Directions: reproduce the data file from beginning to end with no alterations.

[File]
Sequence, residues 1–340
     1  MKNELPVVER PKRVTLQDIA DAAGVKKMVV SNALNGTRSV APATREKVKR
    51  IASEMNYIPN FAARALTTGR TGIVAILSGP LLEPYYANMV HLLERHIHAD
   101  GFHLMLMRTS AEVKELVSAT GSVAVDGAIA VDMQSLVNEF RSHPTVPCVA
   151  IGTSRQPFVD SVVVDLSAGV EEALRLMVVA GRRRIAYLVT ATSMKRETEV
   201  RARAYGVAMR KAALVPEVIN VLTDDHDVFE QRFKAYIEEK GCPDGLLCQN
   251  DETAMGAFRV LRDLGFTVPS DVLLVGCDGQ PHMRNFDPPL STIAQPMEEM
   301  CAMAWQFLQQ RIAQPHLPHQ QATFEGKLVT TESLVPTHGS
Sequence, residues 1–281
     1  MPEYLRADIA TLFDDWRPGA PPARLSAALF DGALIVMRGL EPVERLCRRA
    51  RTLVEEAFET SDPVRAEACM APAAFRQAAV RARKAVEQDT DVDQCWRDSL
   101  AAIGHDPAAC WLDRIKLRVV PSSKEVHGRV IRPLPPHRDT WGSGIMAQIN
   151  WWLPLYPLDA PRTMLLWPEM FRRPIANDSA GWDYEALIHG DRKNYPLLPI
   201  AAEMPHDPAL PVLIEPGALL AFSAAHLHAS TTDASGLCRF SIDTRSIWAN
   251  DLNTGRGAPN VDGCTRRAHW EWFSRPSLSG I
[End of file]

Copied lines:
Sequence, residues 1–340
     1  MKNELPVVER PKRVTLQDIA DAAGVKKMVV SNALNGTRSV APATREKVKR
    51  IASEMNYIPN FAARALTTGR TGIVAILSGP LLEPYYANMV HLLERHIHAD
   101  GFHLMLMRTS AEVKELVSAT GSVAVDGAIA VDMQSLVNEF RSHPTVPCVA
   151  IGTSRQPFVD SVVVDLSAGV EEALRLMVVA GRRRIAYLVT ATSMKRETEV
   201  RARAYGVAMR KAALVPEVIN VLTDDHDVFE QRFKAYIEEK GCPDGLLCQN
   251  DETAMGAFRV LRDLGFTVPS DVLLVGCDGQ PHMRNFDPPL STIAQPMEEM
   301  CAMAWQFLQQ RIAQPHLPHQ QATFEGKLVT TESLVPTHGS
Sequence, residues 1–281
     1  MPEYLRADIA TLFDDWRPGA PPARLSAALF DGALIVMRGL EPVERLCRRA
    51  RTLVEEAFET SDPVRAEACM APAAFRQAAV RARKAVEQDT DVDQCWRDSL
   101  AAIGHDPAAC WLDRIKLRVV PSSKEVHGRV IRPLPPHRDT WGSGIMAQIN
   151  WWLPLYPLDA PRTMLLWPEM FRRPIANDSA GWDYEALIHG DRKNYPLLPI
   201  AAEMPHDPAL PVLIEPGALL AFSAAHLHAS TTDASGLCRF SIDTRSIWAN
   251  DLNTGRGAPN VDGCTRRAHW EWFSRPSLSG I